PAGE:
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“The cloak worn by a Roman general commanding an army, his principal officers and personal attendants, in contradistinction to the sagum of the common soldiers, and the toga or garb of peace. It was the practice for a Roman magistrate, after he had received imperium from the comitia curiata and offered up his vows in the capitol, to march out of the city arrayed in the paludamentum, attended by his lictors in similar attire, nor could he again enter the gates undil he had formally divested himself of this emblem of military power. The paludamentum was open in front, reached down to the knees or a litle lower, and hung loosely over the shoulders, being fastened across the chest by a clasp. The colour of the paludamentum was commonly white or purple, and hence it was marked and remembered that Crassus no the morning of the fatal battle of carrhae went forth in a dark-coloured mantle.” — Smith, 1873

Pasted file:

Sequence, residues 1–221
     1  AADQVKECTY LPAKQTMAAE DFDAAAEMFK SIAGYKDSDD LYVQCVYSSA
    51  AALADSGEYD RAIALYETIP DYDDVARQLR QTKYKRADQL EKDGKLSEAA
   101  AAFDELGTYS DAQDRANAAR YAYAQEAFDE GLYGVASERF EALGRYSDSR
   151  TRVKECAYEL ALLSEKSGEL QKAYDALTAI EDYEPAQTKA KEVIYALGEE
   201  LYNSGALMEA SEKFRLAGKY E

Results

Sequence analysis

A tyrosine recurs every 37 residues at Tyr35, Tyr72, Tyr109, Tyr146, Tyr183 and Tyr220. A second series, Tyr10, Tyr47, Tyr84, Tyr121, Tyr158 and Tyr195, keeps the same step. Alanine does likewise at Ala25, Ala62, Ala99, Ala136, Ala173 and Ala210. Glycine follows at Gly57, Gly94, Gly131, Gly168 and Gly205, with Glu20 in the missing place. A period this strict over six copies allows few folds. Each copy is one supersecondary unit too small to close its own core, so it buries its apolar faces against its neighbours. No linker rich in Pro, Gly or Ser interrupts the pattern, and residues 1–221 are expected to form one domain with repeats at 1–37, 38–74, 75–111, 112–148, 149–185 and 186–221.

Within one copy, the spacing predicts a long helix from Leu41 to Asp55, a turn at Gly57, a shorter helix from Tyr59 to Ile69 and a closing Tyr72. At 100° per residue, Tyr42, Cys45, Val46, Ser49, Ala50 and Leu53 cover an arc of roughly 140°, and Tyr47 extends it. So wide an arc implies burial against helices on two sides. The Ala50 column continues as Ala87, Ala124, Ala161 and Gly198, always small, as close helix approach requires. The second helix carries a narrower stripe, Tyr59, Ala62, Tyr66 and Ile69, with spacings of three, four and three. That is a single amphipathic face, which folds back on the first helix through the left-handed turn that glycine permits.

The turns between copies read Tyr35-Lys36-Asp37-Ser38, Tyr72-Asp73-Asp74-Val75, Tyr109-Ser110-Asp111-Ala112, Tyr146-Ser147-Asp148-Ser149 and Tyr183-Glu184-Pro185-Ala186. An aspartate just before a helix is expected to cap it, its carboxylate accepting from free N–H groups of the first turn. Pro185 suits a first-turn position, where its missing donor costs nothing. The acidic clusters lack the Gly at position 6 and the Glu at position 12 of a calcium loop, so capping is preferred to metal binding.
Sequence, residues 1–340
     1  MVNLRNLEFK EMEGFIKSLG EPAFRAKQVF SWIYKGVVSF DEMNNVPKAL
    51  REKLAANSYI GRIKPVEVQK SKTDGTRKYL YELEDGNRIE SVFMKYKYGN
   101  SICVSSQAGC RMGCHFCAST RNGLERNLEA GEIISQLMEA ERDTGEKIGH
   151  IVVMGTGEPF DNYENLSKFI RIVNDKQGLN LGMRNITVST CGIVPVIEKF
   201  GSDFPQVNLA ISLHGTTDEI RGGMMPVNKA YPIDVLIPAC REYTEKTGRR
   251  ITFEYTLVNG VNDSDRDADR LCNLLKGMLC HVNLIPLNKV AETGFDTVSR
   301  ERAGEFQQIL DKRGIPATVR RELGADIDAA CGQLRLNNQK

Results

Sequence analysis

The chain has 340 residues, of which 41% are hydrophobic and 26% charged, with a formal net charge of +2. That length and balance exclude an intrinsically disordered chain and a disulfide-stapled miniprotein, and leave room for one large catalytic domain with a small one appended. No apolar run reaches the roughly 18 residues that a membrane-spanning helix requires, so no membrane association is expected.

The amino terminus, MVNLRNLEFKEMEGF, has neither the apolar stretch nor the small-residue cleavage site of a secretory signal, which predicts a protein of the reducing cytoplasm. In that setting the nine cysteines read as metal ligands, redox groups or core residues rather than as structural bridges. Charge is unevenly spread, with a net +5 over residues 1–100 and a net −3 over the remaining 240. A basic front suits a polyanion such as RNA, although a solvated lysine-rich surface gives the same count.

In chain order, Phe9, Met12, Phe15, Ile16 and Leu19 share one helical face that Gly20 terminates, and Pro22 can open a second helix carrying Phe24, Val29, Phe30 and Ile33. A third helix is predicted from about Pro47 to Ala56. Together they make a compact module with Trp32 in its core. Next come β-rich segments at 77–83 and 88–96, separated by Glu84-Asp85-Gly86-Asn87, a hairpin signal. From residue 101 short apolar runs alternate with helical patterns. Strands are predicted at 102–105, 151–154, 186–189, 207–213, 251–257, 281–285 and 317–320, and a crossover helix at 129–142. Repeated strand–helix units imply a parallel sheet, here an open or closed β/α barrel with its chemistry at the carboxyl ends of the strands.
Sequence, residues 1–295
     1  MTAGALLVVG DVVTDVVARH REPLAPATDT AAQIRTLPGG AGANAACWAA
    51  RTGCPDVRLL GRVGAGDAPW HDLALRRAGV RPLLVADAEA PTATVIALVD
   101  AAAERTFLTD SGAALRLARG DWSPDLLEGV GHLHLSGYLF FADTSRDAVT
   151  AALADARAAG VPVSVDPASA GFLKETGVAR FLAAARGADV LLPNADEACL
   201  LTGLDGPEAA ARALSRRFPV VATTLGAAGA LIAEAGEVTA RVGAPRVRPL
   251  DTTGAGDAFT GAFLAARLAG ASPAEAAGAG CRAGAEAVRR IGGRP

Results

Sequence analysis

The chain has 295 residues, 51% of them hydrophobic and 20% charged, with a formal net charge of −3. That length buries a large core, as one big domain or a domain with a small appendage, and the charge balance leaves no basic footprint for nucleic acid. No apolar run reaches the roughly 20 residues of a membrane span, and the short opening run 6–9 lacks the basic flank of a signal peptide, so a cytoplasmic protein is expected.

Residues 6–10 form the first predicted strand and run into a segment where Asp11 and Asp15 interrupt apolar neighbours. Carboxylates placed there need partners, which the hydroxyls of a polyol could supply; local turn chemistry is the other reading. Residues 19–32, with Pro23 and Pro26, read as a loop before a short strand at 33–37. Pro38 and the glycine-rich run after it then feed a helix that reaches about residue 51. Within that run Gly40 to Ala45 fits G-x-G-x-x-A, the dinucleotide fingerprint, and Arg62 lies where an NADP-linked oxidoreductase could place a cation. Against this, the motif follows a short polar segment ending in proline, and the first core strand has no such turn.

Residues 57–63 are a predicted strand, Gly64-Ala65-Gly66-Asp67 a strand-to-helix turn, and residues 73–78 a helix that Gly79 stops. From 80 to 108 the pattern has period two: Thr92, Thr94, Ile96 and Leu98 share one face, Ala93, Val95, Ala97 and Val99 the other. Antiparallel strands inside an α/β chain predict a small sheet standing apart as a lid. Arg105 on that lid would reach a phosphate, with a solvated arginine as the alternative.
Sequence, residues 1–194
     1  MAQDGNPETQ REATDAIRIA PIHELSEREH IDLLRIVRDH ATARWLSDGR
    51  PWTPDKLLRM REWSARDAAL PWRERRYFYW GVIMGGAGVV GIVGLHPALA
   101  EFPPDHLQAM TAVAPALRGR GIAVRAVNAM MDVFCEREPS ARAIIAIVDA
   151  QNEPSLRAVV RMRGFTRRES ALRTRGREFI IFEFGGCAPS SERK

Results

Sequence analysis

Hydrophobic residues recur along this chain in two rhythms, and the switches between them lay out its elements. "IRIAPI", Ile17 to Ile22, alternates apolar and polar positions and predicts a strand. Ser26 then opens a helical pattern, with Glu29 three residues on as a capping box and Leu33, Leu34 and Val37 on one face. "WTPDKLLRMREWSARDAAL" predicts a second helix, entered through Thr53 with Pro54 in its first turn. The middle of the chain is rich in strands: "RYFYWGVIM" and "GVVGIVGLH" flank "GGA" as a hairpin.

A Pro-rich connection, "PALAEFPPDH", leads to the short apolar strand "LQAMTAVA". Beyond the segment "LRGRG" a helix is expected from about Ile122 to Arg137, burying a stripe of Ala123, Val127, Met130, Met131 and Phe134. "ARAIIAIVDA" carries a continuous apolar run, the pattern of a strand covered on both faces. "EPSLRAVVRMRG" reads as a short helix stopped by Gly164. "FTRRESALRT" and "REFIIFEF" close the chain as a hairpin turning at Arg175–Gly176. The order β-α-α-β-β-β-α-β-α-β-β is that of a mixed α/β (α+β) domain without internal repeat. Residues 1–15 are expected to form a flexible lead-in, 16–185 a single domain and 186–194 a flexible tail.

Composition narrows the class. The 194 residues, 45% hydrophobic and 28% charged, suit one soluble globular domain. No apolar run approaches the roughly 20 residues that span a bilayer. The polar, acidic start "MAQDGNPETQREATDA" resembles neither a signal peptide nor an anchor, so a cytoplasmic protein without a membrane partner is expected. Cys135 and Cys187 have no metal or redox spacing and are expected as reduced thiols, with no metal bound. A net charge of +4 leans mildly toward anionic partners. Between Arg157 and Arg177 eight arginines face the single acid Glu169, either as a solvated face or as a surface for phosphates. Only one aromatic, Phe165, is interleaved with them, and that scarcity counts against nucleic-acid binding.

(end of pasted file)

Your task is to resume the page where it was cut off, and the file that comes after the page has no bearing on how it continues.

Roman Empire


William Smith, A School Dictionary of Greek and Roman Antiquities (New York: Harper and Brothers, 1873) 238


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